This post is based on the webinar, “Show Salesforce Users Some Love: Build a Long-term, Secure Relationship with Data Archiving” from February 19. To view a recording of the webinar, including a demo of OwnBackup Archive, click here.
It’s probably not a question you get asked every day. But each time you type something into a search engine, swipe left on a dating app, “like” something on social media, take a photo on your phone, ask a virtual assistant a question, or request a ride, you’re generating data. Now multiply that by a few billion people.
That’s why by the end of the year, experts predict there will be 40X more bytes of data than there are stars in the observable universe. That is a staggering amount of data.
One contributor to that ever-growing number is Salesforce. Over 150,000 organizations rely on the Salesforce platform to manage their customer data at an unprecedented scale. In fact, three million sales opportunities and 3.2 million leads are created in Sales Cloud every day, along with 9.7 million cases logged in Service Cloud.
The abundance of information stored in Salesforce magnifies the importance of having an end-to-end Data Lifecycle Management strategy. Your strategy should include how your Salesforce data is gathered, stored, accessed, shared, backed up, and archived. In this post, we’ll specifically focus on the importance of the archiving portion of this strategy. Companies that don’t have a strategy for data archiving are unnecessarily exposed to higher costs, reduced employee productivity, slower system performance, and non-compliance risk.
If you’re thinking, “I already back up my data, I don’t need to archive it too,” you’re not alone. A lot of people think backing up and archiving are the same. But they’re actually two distinct, important steps in the life of your data. If you’re curious about the difference between backing up and archiving, we’ve broken everything down here. At a high level, the main purpose of backup and recovery is data protection, while archiving is meant to help your business meet applicable regulatory requirements, reduce storage costs, and increase employee productivity.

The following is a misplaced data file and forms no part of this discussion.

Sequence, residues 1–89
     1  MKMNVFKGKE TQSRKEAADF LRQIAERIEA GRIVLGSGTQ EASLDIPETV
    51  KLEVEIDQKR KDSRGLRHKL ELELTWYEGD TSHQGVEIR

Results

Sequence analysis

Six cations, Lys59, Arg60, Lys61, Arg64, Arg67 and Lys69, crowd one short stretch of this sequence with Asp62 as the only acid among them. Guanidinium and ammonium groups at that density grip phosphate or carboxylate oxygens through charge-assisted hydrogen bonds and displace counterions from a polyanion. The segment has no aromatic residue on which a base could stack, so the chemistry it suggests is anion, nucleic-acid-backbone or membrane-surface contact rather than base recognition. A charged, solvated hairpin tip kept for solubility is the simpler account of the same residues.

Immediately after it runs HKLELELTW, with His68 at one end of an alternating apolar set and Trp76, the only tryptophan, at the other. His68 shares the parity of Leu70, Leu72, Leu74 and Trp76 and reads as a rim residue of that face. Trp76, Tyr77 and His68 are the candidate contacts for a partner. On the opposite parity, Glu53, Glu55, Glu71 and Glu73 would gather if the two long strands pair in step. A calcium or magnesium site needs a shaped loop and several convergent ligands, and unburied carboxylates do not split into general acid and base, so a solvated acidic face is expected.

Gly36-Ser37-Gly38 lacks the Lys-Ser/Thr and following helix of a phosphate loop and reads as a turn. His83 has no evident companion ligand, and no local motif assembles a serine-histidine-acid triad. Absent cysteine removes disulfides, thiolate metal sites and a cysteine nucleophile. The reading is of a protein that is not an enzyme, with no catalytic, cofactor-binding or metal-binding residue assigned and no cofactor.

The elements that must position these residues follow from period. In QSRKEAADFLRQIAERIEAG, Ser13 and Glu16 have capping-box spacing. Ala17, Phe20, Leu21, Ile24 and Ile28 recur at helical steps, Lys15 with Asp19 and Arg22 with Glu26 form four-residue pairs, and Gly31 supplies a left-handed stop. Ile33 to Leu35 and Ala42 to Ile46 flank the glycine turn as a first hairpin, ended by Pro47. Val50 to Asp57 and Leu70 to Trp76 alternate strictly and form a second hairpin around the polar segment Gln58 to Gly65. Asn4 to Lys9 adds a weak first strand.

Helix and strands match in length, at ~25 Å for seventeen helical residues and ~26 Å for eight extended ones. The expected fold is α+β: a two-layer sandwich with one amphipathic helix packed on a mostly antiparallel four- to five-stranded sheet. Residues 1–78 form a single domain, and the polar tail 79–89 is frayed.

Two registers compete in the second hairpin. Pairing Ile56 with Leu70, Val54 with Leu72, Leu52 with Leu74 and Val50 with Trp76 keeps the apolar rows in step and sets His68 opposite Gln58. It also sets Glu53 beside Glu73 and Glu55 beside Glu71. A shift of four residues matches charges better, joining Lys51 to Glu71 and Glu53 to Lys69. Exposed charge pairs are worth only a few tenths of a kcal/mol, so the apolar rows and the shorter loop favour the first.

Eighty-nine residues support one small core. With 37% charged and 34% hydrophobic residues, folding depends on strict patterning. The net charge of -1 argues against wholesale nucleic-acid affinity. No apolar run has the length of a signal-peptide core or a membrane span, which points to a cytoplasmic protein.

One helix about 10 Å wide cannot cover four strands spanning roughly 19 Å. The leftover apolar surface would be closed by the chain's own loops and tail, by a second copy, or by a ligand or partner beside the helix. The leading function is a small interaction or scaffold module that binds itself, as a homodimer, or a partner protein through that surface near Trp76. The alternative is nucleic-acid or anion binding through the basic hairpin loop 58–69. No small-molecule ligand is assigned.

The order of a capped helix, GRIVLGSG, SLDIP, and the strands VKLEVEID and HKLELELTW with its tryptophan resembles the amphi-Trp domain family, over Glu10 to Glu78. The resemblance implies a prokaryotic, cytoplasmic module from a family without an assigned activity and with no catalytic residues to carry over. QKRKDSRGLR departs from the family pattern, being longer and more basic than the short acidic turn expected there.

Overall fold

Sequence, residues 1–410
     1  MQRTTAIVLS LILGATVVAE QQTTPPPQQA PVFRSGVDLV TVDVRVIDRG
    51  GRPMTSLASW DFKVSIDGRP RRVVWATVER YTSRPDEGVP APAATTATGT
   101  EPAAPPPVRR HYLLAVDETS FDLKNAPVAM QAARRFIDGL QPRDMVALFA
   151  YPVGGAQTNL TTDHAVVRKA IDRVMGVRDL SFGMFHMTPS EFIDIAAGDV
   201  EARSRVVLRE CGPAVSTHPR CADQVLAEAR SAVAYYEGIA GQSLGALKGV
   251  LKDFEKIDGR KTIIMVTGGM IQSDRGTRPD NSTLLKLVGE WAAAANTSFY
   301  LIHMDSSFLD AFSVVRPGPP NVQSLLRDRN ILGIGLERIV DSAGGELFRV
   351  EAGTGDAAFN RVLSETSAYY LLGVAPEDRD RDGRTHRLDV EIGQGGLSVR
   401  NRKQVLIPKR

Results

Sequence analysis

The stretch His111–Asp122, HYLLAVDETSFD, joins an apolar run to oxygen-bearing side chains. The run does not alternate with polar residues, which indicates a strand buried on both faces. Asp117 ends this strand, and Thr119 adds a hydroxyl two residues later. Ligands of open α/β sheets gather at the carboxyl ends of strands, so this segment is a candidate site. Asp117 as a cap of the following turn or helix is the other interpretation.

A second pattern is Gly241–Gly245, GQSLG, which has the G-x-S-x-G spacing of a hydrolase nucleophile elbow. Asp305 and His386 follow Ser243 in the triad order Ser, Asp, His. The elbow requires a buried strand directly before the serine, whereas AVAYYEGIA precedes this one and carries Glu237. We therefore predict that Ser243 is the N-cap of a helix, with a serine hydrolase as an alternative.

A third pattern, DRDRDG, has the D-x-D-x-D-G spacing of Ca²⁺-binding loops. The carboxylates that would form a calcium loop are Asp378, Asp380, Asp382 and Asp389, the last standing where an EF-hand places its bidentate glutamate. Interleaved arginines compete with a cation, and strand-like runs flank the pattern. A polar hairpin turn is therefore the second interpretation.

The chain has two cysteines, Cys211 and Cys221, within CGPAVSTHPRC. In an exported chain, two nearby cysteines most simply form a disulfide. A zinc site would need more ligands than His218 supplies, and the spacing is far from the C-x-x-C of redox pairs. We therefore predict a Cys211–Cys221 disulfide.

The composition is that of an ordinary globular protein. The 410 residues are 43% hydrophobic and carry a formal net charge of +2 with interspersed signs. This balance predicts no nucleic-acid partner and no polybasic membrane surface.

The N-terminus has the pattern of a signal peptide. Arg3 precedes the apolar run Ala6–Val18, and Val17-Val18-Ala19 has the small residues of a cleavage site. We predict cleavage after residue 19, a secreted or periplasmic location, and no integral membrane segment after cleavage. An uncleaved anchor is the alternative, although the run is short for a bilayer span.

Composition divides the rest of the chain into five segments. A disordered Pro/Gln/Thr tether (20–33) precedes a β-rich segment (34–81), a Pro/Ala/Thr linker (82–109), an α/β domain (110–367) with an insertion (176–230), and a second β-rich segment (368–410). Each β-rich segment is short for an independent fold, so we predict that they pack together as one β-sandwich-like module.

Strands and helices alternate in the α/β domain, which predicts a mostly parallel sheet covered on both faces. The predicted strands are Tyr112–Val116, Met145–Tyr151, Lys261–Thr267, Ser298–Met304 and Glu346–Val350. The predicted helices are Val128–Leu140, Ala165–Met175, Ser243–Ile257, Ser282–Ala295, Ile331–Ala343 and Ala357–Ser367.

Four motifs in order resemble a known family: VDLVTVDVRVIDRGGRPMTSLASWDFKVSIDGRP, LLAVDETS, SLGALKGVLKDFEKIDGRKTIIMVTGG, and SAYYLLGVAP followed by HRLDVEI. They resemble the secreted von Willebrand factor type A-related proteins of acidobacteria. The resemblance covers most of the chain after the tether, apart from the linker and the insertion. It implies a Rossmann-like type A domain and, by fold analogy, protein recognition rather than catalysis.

Remember, an archive does not replace the need for a backup, and vice versa. To better understand when an archiving solution could be needed, listen to four real anonymous user stories here.
1. Data Storage Costs
If you’re a runner, you know the anxiety that comes from having not trained before a race. You may be ok for a few miles, but it’s only a matter of time before you’re out of energy. This is how many Salesforce admins feel when it comes to managing the size of their organization’s data—it’s just a matter of time before they run out of space.
Salesforce has two types of storage—data storage and file storage. File storage includes attachments, items a user has uploaded into the Documents tab, and Salesforce CRM Content. Contact Manager, Group, Professional, Enterprise, Performance, and Unlimited Editions are allocated 10 GB of file storage per org. All other data, including activities, counts towards your data storage limit at either 1 GB or on a per user limit (20 MB per user).
However, once these limits are reached, Salesforce reserves the right to prevent any new data from being added until you reduce your current data storage or purchase more storage.